Schooner sailing: Bodø to Trondheim

Day 1 – train from Trondheim to Bodø

The holiday started with a flight to Trondheim where we stayed in the airport hotel, before catching a train hundred of kilometres north to Bodø.

The view south from the back of the train as we head north
Two pyramids mark the line of the Arctic Circle as our train continues north
Lucy and Claire at Bodø station – just the walk to the boat now
The dream team
Happily underway as we head for an evening anchorage
Sun on the hills at 2240 from our anchorage NNW of Bodø off the island of Landegode

Day 2 – Landegode to Støtt

Morning reflections at anchor
Anchor chain in the forepeak – time to get that anchor up
Gently underway on a calm morning
Looking along the deck from the galley
Moored at the hamlet of Støtt
Heading out for a little walk around the little archipelago, linked by causeways
Exploring some of the ruins from WWII. The Norwegian observation post here was occupied by the Nazis in 1940, and they decided to build a battery on this island of Svenningen. Along the road on the seaward side, barracks were erected by Organization Todt with prisoner labour. The fortification has a good overview over shipping lanes and Vestfjorden. In addition to a prison camp, the Germans had about 300 soldiers manning the battery. There was also an infirmary with its own medical staff.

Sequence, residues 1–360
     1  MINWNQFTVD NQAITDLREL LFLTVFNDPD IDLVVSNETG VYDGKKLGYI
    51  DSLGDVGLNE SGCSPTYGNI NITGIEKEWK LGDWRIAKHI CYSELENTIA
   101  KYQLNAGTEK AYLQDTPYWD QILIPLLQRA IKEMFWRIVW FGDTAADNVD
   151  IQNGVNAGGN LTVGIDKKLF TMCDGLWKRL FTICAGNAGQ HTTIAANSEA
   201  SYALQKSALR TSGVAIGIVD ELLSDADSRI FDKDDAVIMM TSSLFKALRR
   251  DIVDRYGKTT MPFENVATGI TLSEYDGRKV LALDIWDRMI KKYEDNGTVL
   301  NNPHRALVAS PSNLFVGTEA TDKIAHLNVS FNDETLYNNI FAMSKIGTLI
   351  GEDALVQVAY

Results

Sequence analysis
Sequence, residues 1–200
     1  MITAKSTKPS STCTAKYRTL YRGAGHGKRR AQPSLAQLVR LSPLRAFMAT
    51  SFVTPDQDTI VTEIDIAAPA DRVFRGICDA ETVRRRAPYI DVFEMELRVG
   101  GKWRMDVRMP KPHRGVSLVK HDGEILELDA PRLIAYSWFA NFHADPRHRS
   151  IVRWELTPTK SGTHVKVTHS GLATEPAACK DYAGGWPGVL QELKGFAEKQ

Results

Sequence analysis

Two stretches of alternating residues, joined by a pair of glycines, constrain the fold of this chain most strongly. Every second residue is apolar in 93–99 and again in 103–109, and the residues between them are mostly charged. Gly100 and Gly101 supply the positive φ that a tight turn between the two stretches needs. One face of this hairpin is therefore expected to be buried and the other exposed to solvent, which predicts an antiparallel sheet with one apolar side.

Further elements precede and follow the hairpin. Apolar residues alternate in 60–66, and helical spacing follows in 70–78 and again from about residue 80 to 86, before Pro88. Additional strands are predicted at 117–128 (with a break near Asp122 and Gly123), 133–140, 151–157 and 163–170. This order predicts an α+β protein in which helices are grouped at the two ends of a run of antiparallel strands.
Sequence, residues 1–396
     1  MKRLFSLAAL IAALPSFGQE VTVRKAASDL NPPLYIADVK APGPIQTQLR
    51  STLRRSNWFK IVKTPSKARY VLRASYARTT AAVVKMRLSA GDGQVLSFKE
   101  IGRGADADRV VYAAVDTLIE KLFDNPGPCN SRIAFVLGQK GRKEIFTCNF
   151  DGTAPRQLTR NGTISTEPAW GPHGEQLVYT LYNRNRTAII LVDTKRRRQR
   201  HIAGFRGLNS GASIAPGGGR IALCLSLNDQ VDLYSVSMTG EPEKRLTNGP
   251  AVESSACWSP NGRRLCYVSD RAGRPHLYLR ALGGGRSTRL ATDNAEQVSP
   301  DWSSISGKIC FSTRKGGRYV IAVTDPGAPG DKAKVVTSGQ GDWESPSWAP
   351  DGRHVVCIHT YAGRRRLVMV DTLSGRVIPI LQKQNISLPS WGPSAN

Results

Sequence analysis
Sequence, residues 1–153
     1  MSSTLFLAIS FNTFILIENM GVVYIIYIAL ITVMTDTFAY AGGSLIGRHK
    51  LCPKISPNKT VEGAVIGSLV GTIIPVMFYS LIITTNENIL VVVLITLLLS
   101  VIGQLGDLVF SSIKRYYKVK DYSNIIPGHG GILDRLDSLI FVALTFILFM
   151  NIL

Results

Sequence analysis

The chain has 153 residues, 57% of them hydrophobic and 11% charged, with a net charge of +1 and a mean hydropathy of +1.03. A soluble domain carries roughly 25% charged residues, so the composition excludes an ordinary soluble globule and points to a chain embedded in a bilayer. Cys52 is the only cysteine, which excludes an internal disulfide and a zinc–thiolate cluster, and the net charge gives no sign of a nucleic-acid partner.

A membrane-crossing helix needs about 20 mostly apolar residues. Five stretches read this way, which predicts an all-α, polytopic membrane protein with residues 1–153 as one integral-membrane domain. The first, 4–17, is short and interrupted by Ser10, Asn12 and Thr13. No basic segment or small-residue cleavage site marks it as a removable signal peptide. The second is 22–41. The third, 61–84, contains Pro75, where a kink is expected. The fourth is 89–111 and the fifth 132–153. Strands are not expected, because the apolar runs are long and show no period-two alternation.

The equipment consisted of four 10.5 cm K335 cannons with a range of 16 km, so-called Bofors cannons, though other artillery was installed at various times. After the war the liberation sparked strong feelings among people and parts of the fortifications were destroyed by the Home Guard. In time, the barracks were demolished, and material used in the construction of new houses on the island.

Day 3 – Nordfjord (off Melfjord)

First order of the day was a run, my first inside the Arctic Circle.

A fair bit of today, and almost all the photos, was a trip up Nordfjord, a beautiful still place, with waters turning cyan as we progressed, and the temperature gradually falling, in part as the air became increasingly dominated by cold air descending from the Svartisen ice cap that surrounds the far end of the fjord – you might be able to spot the scarves coming out as we progressed.

Note that there is another Nordfjord nearby, but that has a road along its full length and has a fair few visitors – the one we went to is an offshoot of Meljord and is much more isolated and rarely travelled.

Three years later, travelling by air to Bodø for another trip on Trinovante, we saw Nordfjord and Svartisen from the air.

Part of the ice cap from a distance.
Emily and Claire admire the view
The water really was this colour
Glacier grooves on the side of the fjord
The view through the hatch of the main crew cabin
Getting closer to the end of the fjord and the ice cap
Time to turn around
Another quiet anchorage, towards the mouth of Nordfjord

Day 4 – sailing south

360° degree panorama at anchor in Nordfjord in the morning
Heading for the Arctic Circle marker on Vikingen island,